This isn't a concern just for those who live in states with abortion bans. Law enforcement in restrictive states can access data from more liberal states, according to Holland. Phone surveillance data also tracks whose phones we associate with or communicate with often. "If your phone is associated with—either through spending time or a lot of communication that can be tracked—an abortion patient's phone, your interests are often collected in order to market both to you and your friend," said Holland. This is why, for example, you and your friends might be targeted with the same ads when you're hanging out together or texting more frequently.

As a best practice, to protect not only yourself but your loved ones as well, you'll want to use a privacy browser—like DuckDuckGo or Firefox Focus—that won't store or sell your data. Incognito browsers are better than nothing, but they don't really cut it, said Holland. They still work on a surveillance business model, so it's best to use a browser that doesn't require you to activate special privacy settings.

If you're texting about abortion care, it's also wise to communicate over Signal or WhatsApp—both of which are encrypted. Even if privacy isn't a concern of yours personally, using these apps and browsers is a way to be in solidarity with those who are concerned. "The more we use those apps, the more their use is normalized," said Holland.

More Legislation Is Needed to Protect Digital Privacy

There's an urgent need for lawmakers to act and pass legislation protecting our digital privacy. There's also a need for companies to step up and commit to protecting (and not selling) our health data. According to Hong, there's a lot private companies can do to protect sensitive health data, but the challenge is that those techniques don't always align with their business models. For example, there are many free apps that profit off of sending their data to Facebook. In general, paid apps are safer than free apps, according to Hong.

Privacy experts have been sounding the alarm on this issue for years, but there has been minimal action. "People with uteruses across the country are now experiencing the very long-term failure of lawmakers and companies alike to safeguard our personal data," Holland said.

The My Body, My Data bill that was introduced on June 16 is a great start to protecting people's personal reproductive health data, said Holland. If enacted, the bill would prohibit companies from collecting, disclosing or misusing reproductive health data collected on websites and apps.

According to Citron, The Health and Location Data Protection Act, also in the pipeline, would ban brokers from selling location and health data and allow individuals to sue in order to enforce the law. But this legislation, even if adopted, will not solve all the issues around our privacy. "That will help but is it going to solve the problem? Of course not," said Citron.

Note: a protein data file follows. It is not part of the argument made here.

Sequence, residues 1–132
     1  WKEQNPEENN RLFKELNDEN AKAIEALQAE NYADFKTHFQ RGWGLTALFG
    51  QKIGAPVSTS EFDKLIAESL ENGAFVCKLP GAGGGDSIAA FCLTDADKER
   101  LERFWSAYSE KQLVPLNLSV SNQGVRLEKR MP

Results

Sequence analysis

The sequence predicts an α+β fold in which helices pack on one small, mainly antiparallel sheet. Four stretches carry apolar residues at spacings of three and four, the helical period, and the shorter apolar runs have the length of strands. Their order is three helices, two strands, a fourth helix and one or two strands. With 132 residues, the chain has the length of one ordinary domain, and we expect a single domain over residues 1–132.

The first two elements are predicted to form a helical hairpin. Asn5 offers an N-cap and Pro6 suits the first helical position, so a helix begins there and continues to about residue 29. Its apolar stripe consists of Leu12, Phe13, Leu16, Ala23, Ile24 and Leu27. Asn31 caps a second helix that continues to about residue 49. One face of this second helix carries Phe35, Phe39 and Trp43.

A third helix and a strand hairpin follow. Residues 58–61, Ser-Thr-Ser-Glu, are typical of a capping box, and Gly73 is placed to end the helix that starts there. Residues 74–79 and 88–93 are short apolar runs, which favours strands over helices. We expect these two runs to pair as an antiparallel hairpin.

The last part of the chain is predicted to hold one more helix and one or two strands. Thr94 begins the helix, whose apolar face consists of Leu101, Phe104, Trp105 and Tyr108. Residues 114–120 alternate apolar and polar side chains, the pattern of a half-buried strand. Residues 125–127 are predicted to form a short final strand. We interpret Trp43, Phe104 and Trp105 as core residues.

Period-tracking apps can be extremely useful tools to track and understand our reproductive health. "We should not be living in a world where we are afraid to keep track of our medical information," Holland said.

Safer Period-Tracking Options

Period-tracking apps are useful tools for many people, and there are some period apps that are safer than others. The experts in this piece recommend using Drip, Euki, or Periodical as these apps store the data locally on your phone rather than uploading your data to the cloud (in which case the app owns, controls and stores your data). If law enforcement, data brokers, or a private citizen was trying to buy your data from the Euki app, for example, they wouldn't be able to since the data lives on your phone, said Holland.

Hong also recommended using the Apple HealthKit if you have an iPhone. "The reason is that Apple put a lot of thought into encrypting data when it is sent over the network and when it is stored, so that even Apple can't access your data," Hong said. It's worth mentioning that if you were involved in a legal case, law enforcement could still potentially find a way to obtain your cell phone for evidence, according to Citron.

If you've been using an app that sends your data to the cloud, you should delete it, Holland said. It's also a good idea to turn off location tracking on your phone if you plan to visit a health clinic in a state that bans abortion. Some period-tracking apps have recently stated they will anonymize users' data before sharing it with third parties, but Citron said it's incredibly easy to re-identify information. "The idea that your health information is being anonymized is so incredibly misleading," Citron said.

Any company is going to comply with legal requests to access data. If a company has your data and law enforcement comes after them, they will give it to them, said Holland.

"Overall, the best thing that we can do," said Holland, "is make choices to use services on our phones that protect us and protect the people we care about."